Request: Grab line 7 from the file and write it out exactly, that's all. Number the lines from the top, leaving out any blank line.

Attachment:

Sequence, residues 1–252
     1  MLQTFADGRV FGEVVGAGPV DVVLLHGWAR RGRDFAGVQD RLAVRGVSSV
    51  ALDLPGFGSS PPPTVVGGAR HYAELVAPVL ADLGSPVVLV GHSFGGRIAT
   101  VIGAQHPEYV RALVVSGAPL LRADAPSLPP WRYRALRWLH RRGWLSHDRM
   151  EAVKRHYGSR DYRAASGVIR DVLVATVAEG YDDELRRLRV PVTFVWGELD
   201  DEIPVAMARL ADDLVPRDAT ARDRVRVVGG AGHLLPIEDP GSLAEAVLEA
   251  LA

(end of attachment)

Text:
   251  LA